World's Best Known Whale Dies in Norway
OSLO, Norway, December 15, 2003 (ENS) - Acute pneumonia claimed the life of the celebrity orca Keiko on Friday. The star of the 1993 "Free Willy" movie died in Taknes Fjord, Norway at the age of 27, after becoming known around the world as the first orca whale ever rescued from captivity.
Orca care expert Dr. Lanny Cornell, Keiko’s lead veterinarian, said, "The most likely cause of death is from acute pneumonia, though it must be noted that at age 27, Keiko was one of only two male orca whales ever to have survived past 25 years in captivity."
On Thursday, the whale's caretakers noticed that he was lethargic and did not want food. He was given antibiotics, but was found dead on Friday night after he stopped breathing.
After his rescue from a tiny show pool in a Mexican attraction, millions of dollars and thousands of person-hours were spent in the attempt to rehabilitate Keiko and release him to rejoin wild whales. But Keiko died in the company of his human caretakers, preferring the company of humans to that of other whales to the end.
David Phillips, president and founder of the Free Willy–Keiko Foundation said, "Rescuing Keiko from a cramped pool in Mexico and bringing him back to his home waters is the most spectacular effort ever launched for an animal. Keiko was a champion; the most incredible whale."
On Saturday, officials cordoned off part of Taknes Bay to keep the media and public away from Keiko's six ton corpse. Then on Sunday night, in response to a request from the Free Willy-Keiko Foundation that he be buried on land rather than towed out to sea, the world's best known whale was laid to rest in a grave near the fjord.
In 1979, Keiko was captured off Iceland as a young whale and spent the next 20 years in captivity. He was held in an Icelandic aquarium until 1982 when he was purchased by Marineland in Ontario, Canada, where he became a performing whale.
In 1985, Marineland sold Keiko to Reino Aventura, an amusement park in Mexico City, where he lived in a small pool and performed for local crowds for the next seven years. Then in 1992, Warner Bros. Studios began filming the movie "Free Willy" on location in Mexico City. The film tells the story of a young boy who saves a whale, portrayed by Keiko.
"Free Willy" was a hit with millions of school children around the world. The subsequent media coverage detailing Keiko's tiny pool and drooping dorsal fin, a sign of declining health, prompted the movie studio, the park, and animal protection advocates to find Keiko a new home. Dr. Cornell assumed the position of Keiko's lead veterinarian.
In 1994, Earth Island Institute, an environmental advocacy group, began to search for a place where Keiko could be rehabilitated and trained for potential release to the wild. The Free Willy Foundation was formed in November 1994 with a $4 million donation from Warner Bros., and Craig McCaw.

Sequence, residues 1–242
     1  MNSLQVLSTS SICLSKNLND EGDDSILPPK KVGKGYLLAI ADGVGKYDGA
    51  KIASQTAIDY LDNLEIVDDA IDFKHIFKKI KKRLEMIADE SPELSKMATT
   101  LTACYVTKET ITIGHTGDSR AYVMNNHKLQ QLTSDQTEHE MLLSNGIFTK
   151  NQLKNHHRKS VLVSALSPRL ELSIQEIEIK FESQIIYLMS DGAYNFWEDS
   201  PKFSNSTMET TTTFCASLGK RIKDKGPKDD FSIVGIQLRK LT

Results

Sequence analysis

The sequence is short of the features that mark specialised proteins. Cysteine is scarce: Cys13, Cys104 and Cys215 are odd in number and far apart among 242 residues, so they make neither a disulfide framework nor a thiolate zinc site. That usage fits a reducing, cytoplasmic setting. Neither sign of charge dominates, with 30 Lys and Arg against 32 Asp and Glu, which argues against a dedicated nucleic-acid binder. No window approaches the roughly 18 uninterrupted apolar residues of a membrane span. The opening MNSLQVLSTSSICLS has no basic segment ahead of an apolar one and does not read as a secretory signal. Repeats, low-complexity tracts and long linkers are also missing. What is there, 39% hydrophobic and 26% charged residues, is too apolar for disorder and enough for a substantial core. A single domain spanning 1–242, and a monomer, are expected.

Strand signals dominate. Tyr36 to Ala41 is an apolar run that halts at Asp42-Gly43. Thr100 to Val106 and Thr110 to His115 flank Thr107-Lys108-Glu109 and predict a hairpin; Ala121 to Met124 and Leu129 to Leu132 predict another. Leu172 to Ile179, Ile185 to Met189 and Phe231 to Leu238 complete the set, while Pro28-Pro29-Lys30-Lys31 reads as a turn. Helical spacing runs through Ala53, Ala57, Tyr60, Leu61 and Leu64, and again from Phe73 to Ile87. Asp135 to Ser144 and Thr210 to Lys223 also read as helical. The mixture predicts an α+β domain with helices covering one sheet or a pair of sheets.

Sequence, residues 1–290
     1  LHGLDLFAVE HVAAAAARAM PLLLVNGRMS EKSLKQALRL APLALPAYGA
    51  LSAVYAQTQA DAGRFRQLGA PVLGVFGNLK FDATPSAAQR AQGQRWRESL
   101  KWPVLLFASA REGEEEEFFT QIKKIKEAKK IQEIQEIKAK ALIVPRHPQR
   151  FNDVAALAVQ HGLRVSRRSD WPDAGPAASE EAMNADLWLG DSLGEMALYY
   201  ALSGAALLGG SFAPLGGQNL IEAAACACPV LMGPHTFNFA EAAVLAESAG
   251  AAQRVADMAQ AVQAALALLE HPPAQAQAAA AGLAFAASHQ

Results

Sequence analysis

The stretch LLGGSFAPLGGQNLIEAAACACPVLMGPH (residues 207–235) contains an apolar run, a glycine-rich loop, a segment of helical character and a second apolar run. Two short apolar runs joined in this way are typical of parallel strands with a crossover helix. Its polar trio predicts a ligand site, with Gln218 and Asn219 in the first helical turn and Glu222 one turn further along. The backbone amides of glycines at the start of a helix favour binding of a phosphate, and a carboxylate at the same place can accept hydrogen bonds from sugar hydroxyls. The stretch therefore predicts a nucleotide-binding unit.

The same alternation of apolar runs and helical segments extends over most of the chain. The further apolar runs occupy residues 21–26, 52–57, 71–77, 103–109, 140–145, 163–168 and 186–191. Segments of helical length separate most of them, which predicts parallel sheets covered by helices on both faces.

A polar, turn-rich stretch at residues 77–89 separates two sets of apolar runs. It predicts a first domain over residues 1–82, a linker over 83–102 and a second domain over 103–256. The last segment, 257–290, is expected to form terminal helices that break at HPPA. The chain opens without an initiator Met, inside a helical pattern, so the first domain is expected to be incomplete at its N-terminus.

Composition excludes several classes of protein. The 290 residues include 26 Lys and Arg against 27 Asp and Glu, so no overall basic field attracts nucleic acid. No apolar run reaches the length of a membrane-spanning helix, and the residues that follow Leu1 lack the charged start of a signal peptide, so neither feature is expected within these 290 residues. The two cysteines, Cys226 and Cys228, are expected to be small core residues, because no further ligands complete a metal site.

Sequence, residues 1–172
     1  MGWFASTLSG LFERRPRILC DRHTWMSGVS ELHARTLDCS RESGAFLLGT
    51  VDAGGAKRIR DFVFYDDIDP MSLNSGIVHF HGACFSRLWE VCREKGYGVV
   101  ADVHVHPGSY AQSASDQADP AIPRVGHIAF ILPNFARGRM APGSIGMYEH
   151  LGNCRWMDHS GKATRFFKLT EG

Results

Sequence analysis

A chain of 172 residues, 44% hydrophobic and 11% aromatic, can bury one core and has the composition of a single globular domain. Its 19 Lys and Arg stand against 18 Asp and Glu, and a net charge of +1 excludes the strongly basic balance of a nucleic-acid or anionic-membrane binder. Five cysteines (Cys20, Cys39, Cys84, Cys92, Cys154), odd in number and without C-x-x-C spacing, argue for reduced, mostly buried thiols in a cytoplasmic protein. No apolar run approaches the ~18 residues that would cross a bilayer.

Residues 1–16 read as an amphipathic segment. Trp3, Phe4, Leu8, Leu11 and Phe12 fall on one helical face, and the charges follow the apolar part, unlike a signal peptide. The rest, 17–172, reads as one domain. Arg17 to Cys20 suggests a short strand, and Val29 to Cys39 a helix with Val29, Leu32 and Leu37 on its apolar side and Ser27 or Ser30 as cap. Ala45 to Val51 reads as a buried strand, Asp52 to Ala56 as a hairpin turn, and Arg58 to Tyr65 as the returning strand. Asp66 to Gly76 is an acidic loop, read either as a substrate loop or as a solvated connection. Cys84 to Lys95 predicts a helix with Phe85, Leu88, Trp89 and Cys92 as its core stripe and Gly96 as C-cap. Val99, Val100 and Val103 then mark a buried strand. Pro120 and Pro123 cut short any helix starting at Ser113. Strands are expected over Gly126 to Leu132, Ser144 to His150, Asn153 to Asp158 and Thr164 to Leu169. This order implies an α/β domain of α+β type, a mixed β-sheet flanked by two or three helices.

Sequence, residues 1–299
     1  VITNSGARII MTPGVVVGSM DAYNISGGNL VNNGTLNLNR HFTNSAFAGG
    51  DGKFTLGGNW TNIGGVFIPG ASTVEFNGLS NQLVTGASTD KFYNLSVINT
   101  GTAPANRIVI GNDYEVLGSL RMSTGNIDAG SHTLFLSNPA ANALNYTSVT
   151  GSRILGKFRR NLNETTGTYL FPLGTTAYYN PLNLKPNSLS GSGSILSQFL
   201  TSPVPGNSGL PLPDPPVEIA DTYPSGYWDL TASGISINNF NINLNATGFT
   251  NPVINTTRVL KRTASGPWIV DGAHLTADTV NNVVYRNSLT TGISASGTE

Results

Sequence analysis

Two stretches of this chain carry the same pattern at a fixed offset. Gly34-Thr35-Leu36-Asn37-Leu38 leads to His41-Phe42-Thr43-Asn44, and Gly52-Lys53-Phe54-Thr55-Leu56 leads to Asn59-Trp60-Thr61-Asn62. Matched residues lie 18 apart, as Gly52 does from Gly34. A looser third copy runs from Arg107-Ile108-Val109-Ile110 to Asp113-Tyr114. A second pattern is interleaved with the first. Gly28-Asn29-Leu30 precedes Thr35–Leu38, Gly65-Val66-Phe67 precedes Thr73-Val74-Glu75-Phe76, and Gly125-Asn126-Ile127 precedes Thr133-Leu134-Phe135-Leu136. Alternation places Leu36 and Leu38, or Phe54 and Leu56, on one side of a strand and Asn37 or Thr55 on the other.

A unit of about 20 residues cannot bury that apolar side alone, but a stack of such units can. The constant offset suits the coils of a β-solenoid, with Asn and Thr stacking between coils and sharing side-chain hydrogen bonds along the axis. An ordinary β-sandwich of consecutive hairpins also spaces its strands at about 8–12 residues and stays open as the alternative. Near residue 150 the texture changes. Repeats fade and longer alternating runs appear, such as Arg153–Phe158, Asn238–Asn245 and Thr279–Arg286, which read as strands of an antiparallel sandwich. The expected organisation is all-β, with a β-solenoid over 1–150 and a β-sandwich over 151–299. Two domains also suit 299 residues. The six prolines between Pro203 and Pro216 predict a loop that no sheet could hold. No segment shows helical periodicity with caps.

Reino Aventura donated Keiko to the new foundation, which then moved the whale to a new, $7.3 million rehabilitation facility at the Oregon Coast Aquarium. There the whale began to recover his health, gain weight and learn to eat live fish for the first time since his capture.
In September 1998, now healthy, Keiko was lifted from his tank and transported by a US Airforce C-17 transport jet from Oregon to Klettsvik Bay in Vestmannaeyjar, Iceland.
During his first full year back in Icelandic waters, now under the care of Jean-Michel Cousteau's Ocean Futures Society, Keiko continued training to prepare him to move from his protected sea pen back into the wild.
In the year 2000, Keiko was fitted for a tracking device that allowed staff to take him out to the open ocean. Keiko then began to interact with wild orcas near his sea pen.
The next year, Keiko showed behavior consistent with that of wild whales, such as competing with other animals for food. Keiko began to initiate contact with wild orcas in the vicinity and spent several days away from his human companions.
During the summer of 2002 Keiko spent at least a month in and around groups of wild orcas and then traveled some 1,000 miles from Iceland to the Norwegian coast, surviving for nearly 60 days without food from humans.
The first observation of Keiko in Norway showed him in excellent physical condition, according to Dr. Cornell.
Keiko then followed a fishing boat up the Taknes fjord to a spot near the community of Halsa. In the fjord, Keiko was cared for by Dr. Cornell and staff and was free to come and go at will.
He became an attraction for visitors from all over Europe, and his caretakers, together with the Norwegian government, put rules in place to keep people from getting too close to the friendly whale.
The Craig McCaw Foundation and the Ocean Futures Society turned over the management of the project to the Free Willy-Keiko Foundation and the Humane Society of the United States (HSUS).
When notified of Keiko's death, Paul Irwin, president of HSUS and the Humane Society International said from Australia, "Our intention from the very beginning, over a decade ago, was to provide Keiko with the chance for freedom, and that is exactly what he got. He came a long, long way and showed that returning captive whales to the wild is not simply a dream."
Phillips of the Free Willy–Keiko Foundation said, "Keiko was a trailblazer, the first orca whale ever rescued from captivity. There’s still a lot of work to be done to see that captive whales are given a chance to be free. Keiko showed what is possible if these animals are just given the chance."
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